5 keys to being an effective delegator
By Anne Bachrach
A.M. Enterprises (The Accountability Coach)
Delegation is one of the many keys to success, but it also is, surprisingly, one of the weakest points for many leaders. Believe it or not, there are a lot of leaders in small business who do not know how to delegate effectively. There can be a number of reasons for having difficulty in the delegation department, most of them related to the inability of the leader to relinquish control. A lot of leaders want to be in control of everything, but they don’t realize that this mentality can zap time and energy that could better be spent moving them to the next level of success.
“Surround yourself with the best people you can find, delegate authority, and don't interfere as long as the policy you've decided upon is being carried out.” — Ronald Reagan
If leaders fail to realize this, then they could very well use up all of their valuable time performing tasks that could be done by someone else. Since they are using their time on these things, the leader will usually suffer from an inability to grow and will often feel pressured. They can also feel like nobody understands what is wanted or needed and can begin to feel very alone in a professional sense. Here are the five keys to being an effective delegator:
1. Understand what it means to delegate.
Delegating a job to someone underneath you is not always easy, especially at first, but it is an essential part of growth. You will likely find that you will be unable to move forward with any kind of speed if you do not have what it takes to turn a project over to someone else. Having said this, it is important that you do not simply delegate to delegate. This decision must be made with great care and professionalism.
Delegating to the wrong person could be a catastrophe. However, if you do have the option to hand the project to someone below you who is capable of seeing it through to the end, then you will have the opportunity to truly realize how much power there is in the ability to pass things off to trusted employees or colleagues. This is what delegation is. You are giving something very important to someone whom you trust so that they can finish it for you. It is really that simple. You need to be able to communicate the needs of the project, as well as your need to be informed when certain milestones are reached.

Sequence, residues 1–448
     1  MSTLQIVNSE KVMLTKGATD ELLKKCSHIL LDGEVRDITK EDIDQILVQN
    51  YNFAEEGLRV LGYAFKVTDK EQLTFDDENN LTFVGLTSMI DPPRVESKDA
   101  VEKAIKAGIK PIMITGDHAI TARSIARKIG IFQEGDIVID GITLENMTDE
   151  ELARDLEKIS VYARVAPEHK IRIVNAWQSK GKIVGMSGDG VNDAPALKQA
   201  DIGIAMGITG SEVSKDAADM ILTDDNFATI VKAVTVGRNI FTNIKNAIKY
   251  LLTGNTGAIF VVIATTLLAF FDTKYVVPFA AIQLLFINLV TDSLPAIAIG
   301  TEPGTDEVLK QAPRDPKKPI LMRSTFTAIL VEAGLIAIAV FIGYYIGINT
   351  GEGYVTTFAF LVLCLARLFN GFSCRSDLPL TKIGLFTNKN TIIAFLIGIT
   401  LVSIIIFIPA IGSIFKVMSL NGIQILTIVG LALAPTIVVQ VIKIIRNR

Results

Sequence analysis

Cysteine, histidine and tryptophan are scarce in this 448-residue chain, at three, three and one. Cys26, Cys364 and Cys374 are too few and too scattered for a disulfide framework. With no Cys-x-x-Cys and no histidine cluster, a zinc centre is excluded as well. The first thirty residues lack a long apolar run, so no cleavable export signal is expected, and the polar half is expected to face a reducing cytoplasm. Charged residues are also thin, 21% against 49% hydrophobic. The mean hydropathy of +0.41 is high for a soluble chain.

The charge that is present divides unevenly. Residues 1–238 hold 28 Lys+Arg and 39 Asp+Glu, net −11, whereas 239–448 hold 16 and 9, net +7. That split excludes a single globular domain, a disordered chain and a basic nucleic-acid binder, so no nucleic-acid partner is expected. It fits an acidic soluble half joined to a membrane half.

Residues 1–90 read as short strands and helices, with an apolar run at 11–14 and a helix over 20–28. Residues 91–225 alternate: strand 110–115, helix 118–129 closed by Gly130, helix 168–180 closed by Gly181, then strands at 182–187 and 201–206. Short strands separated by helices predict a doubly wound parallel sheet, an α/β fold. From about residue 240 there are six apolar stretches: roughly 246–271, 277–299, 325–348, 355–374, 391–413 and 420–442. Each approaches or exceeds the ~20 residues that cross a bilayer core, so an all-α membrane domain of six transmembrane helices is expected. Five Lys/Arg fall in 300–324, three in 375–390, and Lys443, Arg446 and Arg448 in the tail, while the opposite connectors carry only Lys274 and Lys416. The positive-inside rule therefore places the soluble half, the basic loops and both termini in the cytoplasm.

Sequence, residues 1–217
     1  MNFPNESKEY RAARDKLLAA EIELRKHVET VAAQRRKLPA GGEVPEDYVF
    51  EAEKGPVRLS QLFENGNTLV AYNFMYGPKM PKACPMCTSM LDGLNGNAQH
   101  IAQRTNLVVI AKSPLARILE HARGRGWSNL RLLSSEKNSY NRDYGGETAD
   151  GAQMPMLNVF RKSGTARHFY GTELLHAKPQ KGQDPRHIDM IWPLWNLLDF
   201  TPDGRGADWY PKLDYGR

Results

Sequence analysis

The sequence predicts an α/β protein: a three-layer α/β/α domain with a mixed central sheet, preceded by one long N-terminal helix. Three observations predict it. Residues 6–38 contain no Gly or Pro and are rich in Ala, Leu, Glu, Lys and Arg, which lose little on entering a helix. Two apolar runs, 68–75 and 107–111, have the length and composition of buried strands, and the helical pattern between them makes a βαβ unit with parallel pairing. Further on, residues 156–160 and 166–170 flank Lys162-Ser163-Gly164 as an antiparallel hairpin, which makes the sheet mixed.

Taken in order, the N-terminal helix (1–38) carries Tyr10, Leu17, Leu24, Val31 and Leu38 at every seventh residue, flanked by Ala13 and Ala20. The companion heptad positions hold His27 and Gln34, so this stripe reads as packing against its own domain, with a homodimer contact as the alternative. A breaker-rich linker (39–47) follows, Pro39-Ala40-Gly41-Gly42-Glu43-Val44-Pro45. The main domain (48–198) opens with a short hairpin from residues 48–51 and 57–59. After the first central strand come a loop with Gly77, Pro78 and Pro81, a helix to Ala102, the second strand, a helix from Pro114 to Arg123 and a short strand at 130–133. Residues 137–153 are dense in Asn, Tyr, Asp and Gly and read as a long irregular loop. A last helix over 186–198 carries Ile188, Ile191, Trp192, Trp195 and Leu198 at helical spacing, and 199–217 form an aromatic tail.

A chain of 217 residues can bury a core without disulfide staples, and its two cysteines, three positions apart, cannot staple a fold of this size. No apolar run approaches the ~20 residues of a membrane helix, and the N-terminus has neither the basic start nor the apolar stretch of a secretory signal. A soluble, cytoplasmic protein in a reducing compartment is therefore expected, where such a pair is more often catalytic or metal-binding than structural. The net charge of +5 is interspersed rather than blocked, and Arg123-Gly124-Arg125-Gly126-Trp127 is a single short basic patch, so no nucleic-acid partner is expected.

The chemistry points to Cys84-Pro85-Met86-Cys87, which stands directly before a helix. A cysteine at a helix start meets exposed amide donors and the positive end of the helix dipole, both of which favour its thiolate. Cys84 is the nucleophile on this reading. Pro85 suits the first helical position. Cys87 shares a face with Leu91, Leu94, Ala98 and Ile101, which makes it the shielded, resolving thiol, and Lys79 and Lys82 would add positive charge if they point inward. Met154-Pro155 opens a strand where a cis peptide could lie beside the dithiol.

Delegation, if executed correctly, can free you up to do the things that you have to do. Being able to step away from projects that could hold you back is a huge bonus. Just remember, however, that great care must be taken to ensure that you are choosing the right person for the job. Successful entrepreneurs are great delegators.
“Managers help people to see themselves as they are. Leaders help people to see themselves better than they are.” — Jim Rohn 2. Surround yourself with people you can trust.
If you can’t trust anyone beneath you, then you are just going to cause more problems for yourself in the long run by attempting to put them in charge of anything. This is why it is so important to have good, reliable people around you. Delegating relies upon the existence of responsible individuals whom you can believe in and turn to in order to get things done quickly and efficiently.
3. Don’t micromanage.
Staying informed and on top of the situation is one thing, but micromanaging is something else. Never try to micromanage a project that you have given to someone else. This will just interfere with workflow and will also cause your subordinate to feel like they are not trusted or appreciated. If you cannot trust them to do the job, then don’t delegate to them. If you can trust them, then do yourself a favor and let them have the authority do their best for you.
4. Learn to let go if there is nothing to worry about.
Delegating can be difficult for people who are always used to being in control. If you have good people underneath you whom you can trust, then try your best not to worry about the projects that you delegate out. Of course, if you feel that you need an update on the project, then get one, but if you truly believe that your assistance is not needed, then try to relax and just let your subordinates do their job. It can be difficult, but in the long run it will be good for you to get comfortable with delegation as you climb the next ladder of success.
5. Reward subordinates for a job well done.
If you have delegated a job to a subordinate and have returned to find it done and done well, do not hesitate to offer due praise. This will help to build your employee’s confidence and will also strengthen their desire to do a good job for you. Being positive and thankful will encourage them to continue to do their best, which is exactly what you want.
What can you do?
Go through each of these keys and figure out how they might apply to you in your situation. Since you are probably already successful, you might already know more than a thing or two about delegation, but remember that you can never learn too much! More knowledge can lead to better ways of doing things, which will, in turn, lead to increased sales, happier employees and better profits in the long run.